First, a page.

Third, African economies are characterized by a degree of government involvement in the economy that goes beyond the more conventional task of redressing market failure. In most African countries, the state has acted as the principal modernizing agent in the productive sphere as well as the key instrument for income distribution. It follows that fiscal performance is crucial not only for social welfare but also for future growth. Hence, gaps in fiscal resources and in their effective use assume a special significance.

The next section of this paper outlines the principal features of the economic crisis that emerged fully in most African countries toward the end of the 1980s. A summary of the present situation follows, which underscores the fragility of most economies, and hence the importance of pursuing policies that will sustain growth through desirable changes in economic structure. The final section poses a set of issues, in the form of policy choices, that pertain to the financing of economic activity in the coming decade.

The Economic Crisis

Sub-Saharan Africa’s rate of growth started to decelerate in the latter half of the 1970s. This rate of decline worsened during the first half of the 1980s (Table 1) and can be attributed to a combination of exogenous shocks and misdirected policies. Here though, we highlight only those aspects bearing on our concern with the financing of and likely constraints to future economic growth.

Table 1.Basic Economic Indicators for Sub-Saharan Africa in Growth Terms(In percent)
Gross domestic product
Per capita GNP3.10.5-2.9-3.7-1.5
Total consumption per capita1.90.5-3.4-2.6-7.3
Private consumption
Per capita1.3-0.2-2.0
Public consumption
Exports volume (total)15.10.2-3.6-3.9-2.6
Agricultural exports-0.8-1.6-2.61.0
Imports volume3.77.6-7.1-7.8-5.3
Implicit GDP deflator7.56.815.2

Sources: The World Bank, Sub-Saharan Africa: From Crisis to Sustainable Growth; and African Fconomic and Financial Statistics (washington, 1989).

Sources: The World Bank, Sub-Saharan Africa: From Crisis to Sustainable Growth; and African Fconomic and Financial Statistics (washington, 1989).

Key among the exogenous shocks were the deterioration in the external terms of trade, cuts in the net inflow of external resources, and a rise in real interest on foreign debt. The collapse of primary commodity prices and rise in import prices between 1978 and 1980 resulted in a rapid deterioration in the external terms of trade for African countries, with the exception of a few oil exporters. The barter terms of trade for sub-Saharan Africa dropped annually by 4.2 percent between 1980—87. The income terms of trade declined even faster at 5.8 percent annually since the output of exports was dropping each year by 1.6 percent. After 1985, growth of 1 percent in the output of agricultural exports was more than offset by an annual decline in the barter terms of trade, leading a further drop in the income terms of trade of 7.3 percent annually between 1985 and 1988 (Ndulu (1990)).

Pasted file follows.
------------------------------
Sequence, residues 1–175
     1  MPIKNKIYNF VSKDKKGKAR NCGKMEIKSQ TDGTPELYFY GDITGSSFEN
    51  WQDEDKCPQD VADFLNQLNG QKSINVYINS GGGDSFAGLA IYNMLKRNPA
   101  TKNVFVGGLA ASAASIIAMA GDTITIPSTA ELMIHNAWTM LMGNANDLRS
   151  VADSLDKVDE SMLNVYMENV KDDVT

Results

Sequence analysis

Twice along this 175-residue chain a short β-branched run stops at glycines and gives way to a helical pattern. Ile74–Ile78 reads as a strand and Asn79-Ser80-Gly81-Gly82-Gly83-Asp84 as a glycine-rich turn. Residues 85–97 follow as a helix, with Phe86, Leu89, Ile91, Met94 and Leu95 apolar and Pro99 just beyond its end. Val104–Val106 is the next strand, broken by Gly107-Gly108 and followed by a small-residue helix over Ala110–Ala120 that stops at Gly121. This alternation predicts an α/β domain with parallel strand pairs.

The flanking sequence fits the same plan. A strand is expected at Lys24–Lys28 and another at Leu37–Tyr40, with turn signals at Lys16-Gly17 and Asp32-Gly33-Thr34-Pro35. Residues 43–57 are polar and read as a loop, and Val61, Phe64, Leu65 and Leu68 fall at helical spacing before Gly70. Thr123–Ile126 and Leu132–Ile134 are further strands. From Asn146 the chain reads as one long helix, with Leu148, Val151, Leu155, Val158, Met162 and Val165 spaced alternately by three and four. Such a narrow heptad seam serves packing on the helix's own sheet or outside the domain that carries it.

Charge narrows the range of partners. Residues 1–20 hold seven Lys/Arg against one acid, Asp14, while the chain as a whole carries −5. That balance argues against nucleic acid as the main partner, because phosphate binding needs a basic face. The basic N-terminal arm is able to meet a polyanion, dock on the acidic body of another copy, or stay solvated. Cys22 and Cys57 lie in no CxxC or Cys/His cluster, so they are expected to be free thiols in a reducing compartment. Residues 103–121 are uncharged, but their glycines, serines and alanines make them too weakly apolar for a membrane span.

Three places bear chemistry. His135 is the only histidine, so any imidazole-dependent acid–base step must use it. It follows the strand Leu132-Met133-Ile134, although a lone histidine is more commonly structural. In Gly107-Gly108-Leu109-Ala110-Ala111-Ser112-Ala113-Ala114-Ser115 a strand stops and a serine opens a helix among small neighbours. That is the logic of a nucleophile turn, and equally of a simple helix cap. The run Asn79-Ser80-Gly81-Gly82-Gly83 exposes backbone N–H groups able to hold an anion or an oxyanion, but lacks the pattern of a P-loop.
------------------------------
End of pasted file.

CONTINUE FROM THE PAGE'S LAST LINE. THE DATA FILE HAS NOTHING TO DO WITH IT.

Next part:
Foreign savings, defined as the deficit on the current account plus net unrequited transfers, fell drastically as a proportion of gross domestic product (GDP) during the first half of the 1980s. From an average of 11 percent of GDP in 1980/81, it declined to 6.6 percent in 1985, a drop of 40 percent (Table 2). When adjusted for the rise in the real rate of interest on the foreign debt, foreign savings declined even more steeply, from 8.2 percent of GDP in 1980/81 to 3.7 percent in 1985, a cut of 55 percent (Table 2).

Table 2.Resource Gaps Closure in Sub-Saharan Africa, 1980–87(In percent)



DCR Growth

Sources: The World Bank, Sub-Saharan Africa: From Crisis to Sustainable Growth; and African Economic and Financial Statistics (washington, 1989).

Note: FORSAV = Foreign savings = Negative of current account balance plus unrequited net transfers; AFORSAV = FORSAV less interest payment on foreign debt (foreign saving available for current use); FD = Overall fiscal deficit (excluding grants); RIM = Real imports; NOTG = Net official transfers to the government; DCR = Domestic credit.

Sources: The World Bank, Sub-Saharan Africa: From Crisis to Sustainable Growth; and African Economic and Financial Statistics (washington, 1989).